Jean Valbuen, his daughter Angeline Valbuen and grandson James ExumeEd Kenney

Visiting La Gonave’s largest hospital, I met a family whose story brought home the dilemma facing the island since the earthquake.

La Gonave, an island off the Haitian coast, has seen 16,000 new arrivals since the earthquake. Elected official Esper Feno told us:

“These are our brothers and sisters and we welcome them, but there’s not enough food, not enough water, nor enough jobs to support all of us. We will need help.”

Jeaninie’s story

From there, we visited Wesleyan Hospital. There we met Jeaninie Mascelin, a very thin older woman lying motionless on a bed in the middle of the hospital courtyard. Jeaninie is one of the many who have come to this island after surviving the earthquake in Port-au-Prince. She said:

"I remember hearing a very loud noise and then I don't remember anything until my neighbours were shouting at me and pulling me from where I was buried. The whole house was down. I knew that I couldn't stand up and walk and I started to worry about my kids, but I was alive and they were all alive."

Jeaninie – still unable to walk – was essentially carried to the island by Valner, her eldest son, and his brothers in law.

Joined by the family

At the hospital, Jeaninie refused an indoor bed. If another qauke happened, she didn’t want to be buried again.

When I met Jeaninie, she'd been lying in the courtyard for 10 days, with no diagnosis and no treatment. She had not been able to eat or move her right leg the entire time. The staff had only been able to offer pain medicine. US Marines and Navy doctors are evacuating critical cases to a hospital ship in the bay; it’s likely that she will be taken there soon.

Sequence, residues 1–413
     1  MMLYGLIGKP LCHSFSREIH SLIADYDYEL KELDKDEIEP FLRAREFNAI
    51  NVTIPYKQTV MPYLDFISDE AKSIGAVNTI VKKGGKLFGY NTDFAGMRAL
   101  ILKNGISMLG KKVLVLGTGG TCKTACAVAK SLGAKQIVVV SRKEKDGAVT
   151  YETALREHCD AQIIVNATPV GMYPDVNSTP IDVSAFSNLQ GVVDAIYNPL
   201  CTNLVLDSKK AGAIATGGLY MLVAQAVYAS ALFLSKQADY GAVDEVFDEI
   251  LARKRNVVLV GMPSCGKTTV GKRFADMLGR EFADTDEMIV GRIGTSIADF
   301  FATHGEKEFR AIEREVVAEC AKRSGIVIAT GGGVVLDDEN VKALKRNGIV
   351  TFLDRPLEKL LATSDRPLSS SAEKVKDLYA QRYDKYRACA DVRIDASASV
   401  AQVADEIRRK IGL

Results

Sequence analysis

"I am afraid," said Valner, "I don't know what is wrong with my mother but I also don't want to know. It may be too bad."

“No resources to share”

Jeaninie’s husband, Jean, looked to the future:

"We have been well-received here, with affection, but the people here have no resources to share. We have water for now but we need to ask for food and there is not much to share. We do have hope. We have hope because you [Concern] are here...and because I am ok and I can work. My kids are ok and they can work too. For now we plan to stay on La Gonave and I plan to find a job. All I need is a little bit of land where I will build a house. First, of course, my wide needs medical care, but I think if I can work we can make a life here. If not, and we have to go another place, we will go. But we do not plan to go back to Port-au-Prince"